Scratching the (T cell) surface

  • Joerg Ermann1,

    Affiliated with

    • Chan D Chung1 and

      Affiliated with

      • C Garrison Fathman1Email author

        Affiliated with

        Genome Biology20035:202

        DOI: 10.1186/gb-2003-5-1-202

        Published: 11 December 2003


        Using a genome-scale approach to study transcription levels in a human CD8+ T-cell clone, a recent study has suggested that the repertoire of molecules on the surface of T cells is close to being completely characterized.


        Over the last few years technological advances have made it possible to study, in parallel, the expression of thousands of genes in cells, tissues or organisms. While this genome-scale approach to gene-expression analysis has been touted by some as the new 'golden era' of hypothesis-unlimited discovery-driven research [1], it is apparent that our ability to make sense of the vast accumulations of data does not always keep up with our ability to generate them. Many groups have used technologies such as microarrays or serial analysis of gene expression (SAGE) to analyze gene expression in cells of the immune system. A recent article by Evans et al. in Immunity [2] attempting to expand beyond the simple description of differential gene-expression patterns arrives at a bold conclusion. The article's title is intriguing - The T-cell surface - how well do we know it? - and the conclusion is that we know it quite well.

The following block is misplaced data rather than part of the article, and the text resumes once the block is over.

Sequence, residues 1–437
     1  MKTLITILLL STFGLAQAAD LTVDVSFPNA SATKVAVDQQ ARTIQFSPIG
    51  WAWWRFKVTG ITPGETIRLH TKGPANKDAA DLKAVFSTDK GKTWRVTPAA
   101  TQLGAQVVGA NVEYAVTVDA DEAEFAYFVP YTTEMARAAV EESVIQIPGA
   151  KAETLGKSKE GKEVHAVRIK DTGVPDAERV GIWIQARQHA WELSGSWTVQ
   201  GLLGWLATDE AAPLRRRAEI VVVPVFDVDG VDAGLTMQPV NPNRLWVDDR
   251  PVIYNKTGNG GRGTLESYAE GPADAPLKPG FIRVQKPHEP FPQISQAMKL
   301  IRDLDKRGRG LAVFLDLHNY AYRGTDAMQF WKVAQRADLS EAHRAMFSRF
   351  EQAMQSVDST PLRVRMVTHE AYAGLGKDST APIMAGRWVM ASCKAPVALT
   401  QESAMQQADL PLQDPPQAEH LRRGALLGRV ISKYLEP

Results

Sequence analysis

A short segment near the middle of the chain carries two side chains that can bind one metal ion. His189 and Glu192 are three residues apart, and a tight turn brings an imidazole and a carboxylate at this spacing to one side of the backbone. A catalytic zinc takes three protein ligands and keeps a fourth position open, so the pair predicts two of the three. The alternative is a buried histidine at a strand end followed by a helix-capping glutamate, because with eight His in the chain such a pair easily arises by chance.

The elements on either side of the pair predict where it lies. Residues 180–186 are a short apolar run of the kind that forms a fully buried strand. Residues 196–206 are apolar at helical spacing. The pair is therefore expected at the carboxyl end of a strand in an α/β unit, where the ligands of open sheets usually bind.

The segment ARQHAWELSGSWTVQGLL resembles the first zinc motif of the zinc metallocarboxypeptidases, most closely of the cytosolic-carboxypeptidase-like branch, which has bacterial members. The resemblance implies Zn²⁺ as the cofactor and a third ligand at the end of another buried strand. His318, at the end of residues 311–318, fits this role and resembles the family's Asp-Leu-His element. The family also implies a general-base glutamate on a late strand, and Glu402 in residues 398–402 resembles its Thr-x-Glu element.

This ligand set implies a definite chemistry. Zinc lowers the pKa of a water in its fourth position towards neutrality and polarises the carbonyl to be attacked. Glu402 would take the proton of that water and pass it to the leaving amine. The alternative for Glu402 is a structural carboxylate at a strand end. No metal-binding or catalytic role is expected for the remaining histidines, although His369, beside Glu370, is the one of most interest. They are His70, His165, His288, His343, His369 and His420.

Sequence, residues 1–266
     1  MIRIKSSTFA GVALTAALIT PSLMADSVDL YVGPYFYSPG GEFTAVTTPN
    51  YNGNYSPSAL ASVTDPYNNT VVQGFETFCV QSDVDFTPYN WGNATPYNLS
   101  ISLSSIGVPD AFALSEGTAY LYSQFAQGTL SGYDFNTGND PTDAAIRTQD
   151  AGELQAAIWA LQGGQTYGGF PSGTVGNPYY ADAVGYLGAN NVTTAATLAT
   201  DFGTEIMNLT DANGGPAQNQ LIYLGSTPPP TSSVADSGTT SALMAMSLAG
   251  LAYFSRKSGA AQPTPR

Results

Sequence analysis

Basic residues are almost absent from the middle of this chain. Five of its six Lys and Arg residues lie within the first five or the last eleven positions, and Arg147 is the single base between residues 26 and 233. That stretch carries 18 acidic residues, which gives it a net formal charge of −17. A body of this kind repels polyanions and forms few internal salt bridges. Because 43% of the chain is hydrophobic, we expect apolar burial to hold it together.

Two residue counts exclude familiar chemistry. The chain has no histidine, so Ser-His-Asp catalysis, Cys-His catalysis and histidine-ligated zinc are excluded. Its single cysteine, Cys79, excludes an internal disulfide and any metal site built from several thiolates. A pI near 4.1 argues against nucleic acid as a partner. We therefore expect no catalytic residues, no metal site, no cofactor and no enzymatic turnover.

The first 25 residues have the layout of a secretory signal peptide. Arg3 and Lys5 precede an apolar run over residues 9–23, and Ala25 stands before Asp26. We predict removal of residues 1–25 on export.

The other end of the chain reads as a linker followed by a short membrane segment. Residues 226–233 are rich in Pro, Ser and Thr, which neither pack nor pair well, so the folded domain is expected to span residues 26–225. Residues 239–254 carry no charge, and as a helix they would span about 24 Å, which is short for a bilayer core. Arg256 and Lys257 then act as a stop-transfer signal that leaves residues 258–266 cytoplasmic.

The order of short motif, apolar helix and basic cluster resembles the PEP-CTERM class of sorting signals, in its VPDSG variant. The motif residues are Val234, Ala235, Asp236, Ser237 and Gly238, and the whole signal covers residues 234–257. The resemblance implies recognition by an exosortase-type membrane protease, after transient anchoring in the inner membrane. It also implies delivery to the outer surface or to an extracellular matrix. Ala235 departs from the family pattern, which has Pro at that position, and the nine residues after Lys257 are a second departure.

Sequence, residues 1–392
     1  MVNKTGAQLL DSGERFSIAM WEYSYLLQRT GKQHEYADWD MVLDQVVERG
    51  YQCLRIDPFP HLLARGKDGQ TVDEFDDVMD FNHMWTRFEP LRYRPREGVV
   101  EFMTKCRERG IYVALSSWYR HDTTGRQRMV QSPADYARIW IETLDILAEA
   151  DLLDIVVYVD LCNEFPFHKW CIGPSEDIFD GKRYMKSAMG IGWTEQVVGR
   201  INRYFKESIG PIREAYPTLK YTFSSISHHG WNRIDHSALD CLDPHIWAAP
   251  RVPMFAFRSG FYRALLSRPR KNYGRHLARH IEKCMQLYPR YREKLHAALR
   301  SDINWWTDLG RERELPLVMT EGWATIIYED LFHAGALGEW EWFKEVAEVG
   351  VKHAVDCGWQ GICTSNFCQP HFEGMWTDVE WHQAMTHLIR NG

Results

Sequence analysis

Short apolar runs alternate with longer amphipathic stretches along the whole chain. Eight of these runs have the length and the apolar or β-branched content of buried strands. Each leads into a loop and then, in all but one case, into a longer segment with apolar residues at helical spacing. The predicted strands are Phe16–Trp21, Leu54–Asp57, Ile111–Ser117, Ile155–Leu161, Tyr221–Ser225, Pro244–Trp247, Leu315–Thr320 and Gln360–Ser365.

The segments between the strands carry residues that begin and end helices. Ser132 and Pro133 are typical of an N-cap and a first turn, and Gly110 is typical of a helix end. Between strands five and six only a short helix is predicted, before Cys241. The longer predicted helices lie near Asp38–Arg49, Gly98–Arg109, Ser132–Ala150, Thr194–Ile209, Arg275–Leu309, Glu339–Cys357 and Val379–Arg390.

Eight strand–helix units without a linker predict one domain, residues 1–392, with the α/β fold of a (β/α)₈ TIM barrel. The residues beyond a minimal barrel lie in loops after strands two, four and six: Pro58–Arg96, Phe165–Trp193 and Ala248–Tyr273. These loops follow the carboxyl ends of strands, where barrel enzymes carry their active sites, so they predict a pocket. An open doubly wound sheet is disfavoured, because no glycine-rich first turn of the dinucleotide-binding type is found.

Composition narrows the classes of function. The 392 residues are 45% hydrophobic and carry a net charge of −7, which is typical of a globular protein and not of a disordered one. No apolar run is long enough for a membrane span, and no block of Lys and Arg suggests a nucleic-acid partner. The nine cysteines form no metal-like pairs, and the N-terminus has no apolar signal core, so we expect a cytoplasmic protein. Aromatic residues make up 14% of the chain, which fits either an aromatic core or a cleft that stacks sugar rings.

Not surprisingly, molecules on the surface of T cells are of great interest to immunologists. Much information has been generated about T-cell-specific surface molecules and their function since the first monoclonal antibodies against leukocyte surface markers were made in the late 1970s. Attempts to compare the specificities of different monoclonal antibodies and to identify their targets led to the development of the cluster of differentiation (CD) nomenclature [3]. Most of the CD antigens turned out to be proteins (a few CD antibodies detect carbohydrate modifications) and the respective genes have been cloned in both humans and mice. Over time the CD system thus transformed into a classification for leukocyte surface molecules, rather than antibodies. Currently, there are 247 assigned CDs [4]. Almost 200 additional molecules are being considered for CD status during the current Eighth International Workshop on Human Leukocyte Differentiation Antigens that will culminate in the HLDA8 Conference in Adelaide, Australia in December 2004 [5].